Georgia vegetable acres have declined over the past decade with greater than a 20 percent decline in acreage. During this same period, however, farm gate value has increased by almost 35 percent.
Vidalia onions continue to be the greatest revenue generator among vegetables, with almost $140 million in 2008. In terms of acres, sweet corn is No. 1, passing even watermelons, which are notorious for needing a lot of room.
The drought is finally over in Georgia, which did not have as great an impact on south Georgia agriculture as in north Georgia. North Georgia was under severe restrictions for water use. Vegetable production tends to be smaller scale in north Georgia so any impact was not that great for the state overall.
Spring rains hampered onion harvest, reducing yields. In 2008 during April and May, there were 3.78 inches of rain. By contrast in 2009 during this same period, there were more than 15 inches of rain in the Vidalia region. Heavy spring rains also hampered planting with more than 16 inches of rain in March and April this year in the Tifton region.
Rainfall continued to be a factor for vegetable production in south Georgia. From March 1 to the end of July, there were almost 33 inches of rain. The average for the previous five years during this same period was just below 17 inches. Heavy rains contribute to higher disease incidence, which in turn affects yield and quality.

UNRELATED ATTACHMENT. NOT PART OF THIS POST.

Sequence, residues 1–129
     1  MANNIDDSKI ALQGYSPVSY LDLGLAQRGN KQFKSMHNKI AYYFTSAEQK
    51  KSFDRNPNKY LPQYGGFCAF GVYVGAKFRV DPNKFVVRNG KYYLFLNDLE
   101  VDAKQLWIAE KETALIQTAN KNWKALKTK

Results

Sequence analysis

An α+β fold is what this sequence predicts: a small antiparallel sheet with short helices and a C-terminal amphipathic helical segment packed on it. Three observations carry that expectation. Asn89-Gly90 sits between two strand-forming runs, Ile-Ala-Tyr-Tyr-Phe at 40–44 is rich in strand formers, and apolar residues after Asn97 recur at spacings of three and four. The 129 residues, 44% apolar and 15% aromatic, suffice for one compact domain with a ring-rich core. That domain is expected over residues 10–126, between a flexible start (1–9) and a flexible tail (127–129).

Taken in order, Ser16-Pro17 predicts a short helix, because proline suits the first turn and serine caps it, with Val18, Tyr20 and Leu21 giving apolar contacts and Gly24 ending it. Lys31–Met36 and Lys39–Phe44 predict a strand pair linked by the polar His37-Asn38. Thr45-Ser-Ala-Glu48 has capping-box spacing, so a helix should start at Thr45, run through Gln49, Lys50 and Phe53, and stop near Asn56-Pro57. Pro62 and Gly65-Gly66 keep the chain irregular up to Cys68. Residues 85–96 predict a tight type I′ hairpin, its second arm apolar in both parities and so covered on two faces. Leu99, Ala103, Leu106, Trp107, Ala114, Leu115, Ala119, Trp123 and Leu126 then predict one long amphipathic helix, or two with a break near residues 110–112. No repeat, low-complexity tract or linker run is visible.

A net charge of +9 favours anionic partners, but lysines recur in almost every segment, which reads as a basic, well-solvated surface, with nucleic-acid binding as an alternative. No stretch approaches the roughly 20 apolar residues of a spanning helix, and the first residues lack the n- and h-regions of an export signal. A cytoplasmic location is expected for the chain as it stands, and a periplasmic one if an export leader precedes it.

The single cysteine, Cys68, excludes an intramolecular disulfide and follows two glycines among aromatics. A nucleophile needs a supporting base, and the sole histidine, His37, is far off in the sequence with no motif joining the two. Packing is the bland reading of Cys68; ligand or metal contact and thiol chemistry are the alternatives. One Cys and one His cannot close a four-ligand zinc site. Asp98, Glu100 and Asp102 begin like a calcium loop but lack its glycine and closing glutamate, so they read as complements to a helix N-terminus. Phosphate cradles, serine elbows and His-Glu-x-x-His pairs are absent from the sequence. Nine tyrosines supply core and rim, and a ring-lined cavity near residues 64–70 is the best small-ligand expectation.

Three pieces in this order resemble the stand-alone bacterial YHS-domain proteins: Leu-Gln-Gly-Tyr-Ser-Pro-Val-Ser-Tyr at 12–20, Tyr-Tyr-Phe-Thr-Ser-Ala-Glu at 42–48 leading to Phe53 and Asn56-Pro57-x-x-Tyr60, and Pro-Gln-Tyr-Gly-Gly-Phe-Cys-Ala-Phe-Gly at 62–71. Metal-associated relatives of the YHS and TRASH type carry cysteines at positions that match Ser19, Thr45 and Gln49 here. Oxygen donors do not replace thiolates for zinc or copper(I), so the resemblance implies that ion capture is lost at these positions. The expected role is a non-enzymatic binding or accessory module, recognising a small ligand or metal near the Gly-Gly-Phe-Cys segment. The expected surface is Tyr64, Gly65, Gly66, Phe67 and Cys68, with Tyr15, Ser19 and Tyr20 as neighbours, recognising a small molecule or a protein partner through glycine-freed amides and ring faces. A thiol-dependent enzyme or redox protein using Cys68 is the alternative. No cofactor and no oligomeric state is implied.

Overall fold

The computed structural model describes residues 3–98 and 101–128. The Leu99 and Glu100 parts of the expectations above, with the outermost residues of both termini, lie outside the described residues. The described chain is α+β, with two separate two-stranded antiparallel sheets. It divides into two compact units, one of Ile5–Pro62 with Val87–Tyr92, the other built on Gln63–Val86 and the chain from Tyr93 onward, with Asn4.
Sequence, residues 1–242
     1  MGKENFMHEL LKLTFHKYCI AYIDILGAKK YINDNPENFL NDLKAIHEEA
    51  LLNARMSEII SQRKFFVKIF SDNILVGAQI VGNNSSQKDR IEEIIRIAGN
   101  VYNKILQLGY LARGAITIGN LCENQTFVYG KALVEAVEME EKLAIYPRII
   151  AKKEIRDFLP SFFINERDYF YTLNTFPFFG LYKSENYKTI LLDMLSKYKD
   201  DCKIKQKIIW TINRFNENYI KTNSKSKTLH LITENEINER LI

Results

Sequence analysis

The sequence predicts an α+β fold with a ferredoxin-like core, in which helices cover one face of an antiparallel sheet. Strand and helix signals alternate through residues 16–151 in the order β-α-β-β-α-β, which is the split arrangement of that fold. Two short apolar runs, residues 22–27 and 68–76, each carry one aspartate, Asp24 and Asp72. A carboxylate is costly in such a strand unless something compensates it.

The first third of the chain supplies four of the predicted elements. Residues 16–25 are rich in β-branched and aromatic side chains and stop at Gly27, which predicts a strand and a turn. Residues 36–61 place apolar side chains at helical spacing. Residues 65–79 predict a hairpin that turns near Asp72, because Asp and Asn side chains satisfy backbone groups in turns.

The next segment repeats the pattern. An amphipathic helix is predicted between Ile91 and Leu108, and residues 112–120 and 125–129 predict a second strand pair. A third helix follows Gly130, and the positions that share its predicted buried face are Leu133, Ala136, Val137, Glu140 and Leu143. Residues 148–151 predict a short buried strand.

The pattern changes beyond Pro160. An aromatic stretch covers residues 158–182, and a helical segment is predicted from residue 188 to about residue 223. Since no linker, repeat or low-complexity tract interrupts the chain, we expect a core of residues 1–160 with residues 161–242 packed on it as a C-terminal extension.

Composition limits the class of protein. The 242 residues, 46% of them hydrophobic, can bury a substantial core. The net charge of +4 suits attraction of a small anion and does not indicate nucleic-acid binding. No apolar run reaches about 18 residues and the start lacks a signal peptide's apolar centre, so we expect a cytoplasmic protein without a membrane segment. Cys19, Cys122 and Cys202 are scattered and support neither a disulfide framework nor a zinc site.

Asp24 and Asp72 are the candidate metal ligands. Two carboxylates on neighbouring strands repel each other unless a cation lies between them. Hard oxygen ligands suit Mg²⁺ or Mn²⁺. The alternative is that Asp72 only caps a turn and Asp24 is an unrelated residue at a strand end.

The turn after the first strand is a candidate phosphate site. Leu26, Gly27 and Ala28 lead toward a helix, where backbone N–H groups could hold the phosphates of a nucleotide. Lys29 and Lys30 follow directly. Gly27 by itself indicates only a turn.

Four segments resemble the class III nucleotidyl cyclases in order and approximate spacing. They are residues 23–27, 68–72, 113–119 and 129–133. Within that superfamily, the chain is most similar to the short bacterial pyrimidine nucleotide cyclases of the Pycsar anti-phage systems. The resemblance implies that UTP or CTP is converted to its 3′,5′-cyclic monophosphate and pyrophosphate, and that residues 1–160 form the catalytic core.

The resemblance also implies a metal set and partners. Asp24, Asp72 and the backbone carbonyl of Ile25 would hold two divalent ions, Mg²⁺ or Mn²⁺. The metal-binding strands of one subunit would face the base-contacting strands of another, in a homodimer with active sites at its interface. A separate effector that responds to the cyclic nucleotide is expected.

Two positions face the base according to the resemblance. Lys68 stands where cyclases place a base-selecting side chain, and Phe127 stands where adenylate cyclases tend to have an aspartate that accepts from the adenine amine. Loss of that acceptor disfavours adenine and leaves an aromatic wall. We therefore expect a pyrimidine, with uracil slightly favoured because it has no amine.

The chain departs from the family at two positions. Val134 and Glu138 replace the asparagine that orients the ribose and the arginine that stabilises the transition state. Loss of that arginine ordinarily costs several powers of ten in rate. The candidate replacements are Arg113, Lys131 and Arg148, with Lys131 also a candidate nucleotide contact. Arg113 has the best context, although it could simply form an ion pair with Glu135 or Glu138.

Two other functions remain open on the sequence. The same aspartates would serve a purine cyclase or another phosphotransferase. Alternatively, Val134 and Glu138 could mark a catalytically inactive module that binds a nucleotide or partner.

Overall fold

The Georgia Commodity Commission for vegetables collects assessments from growers for research, education, and promotion and marketing. The Commission expects to award approximately $120,000 in grants to fund research on vegetable problems this year. They have identified several areas they wish to see researched. The eight areas of emphasis they have identified include routine evaluations of insect and disease control, variety evaluation, and weed control. In addition, they are looking to fund research on mechanical harvesting, identifying new crops for Georgia, and improving postharvest handling including food safety.
There continues to be growing interest in organic and locally produced vegetables. This is particularly true in north Georgia around the urban centers of Atlanta and Athens. Some south Georgia growers have seen an opportunity to grow high value vegetables for the certified organic market. This is particularly true for Vidalia onion growers. The Georgia Department of Agriculture estimates that 400 acres of Vidalia onions were grown organically this year. Although this doesn’t sound like much in comparison to the 12,000-plus acres of Vidalia onions, it represents more than 13 percent of total organic acres in the state.
Organic production remains small, but has grown considerably from the few hundred acres a few years ago. It will remain a small part of Georgia’s agriculture for the foreseeable future, but there is tremendous potential as these markets grow and mature.
Vegetable production in Georgia continues to be an important part of Georgia’s agriculture with almost $850 million in farm gate value in 2008. This represents more than 11 percent of the farm gate value for the state in 2008.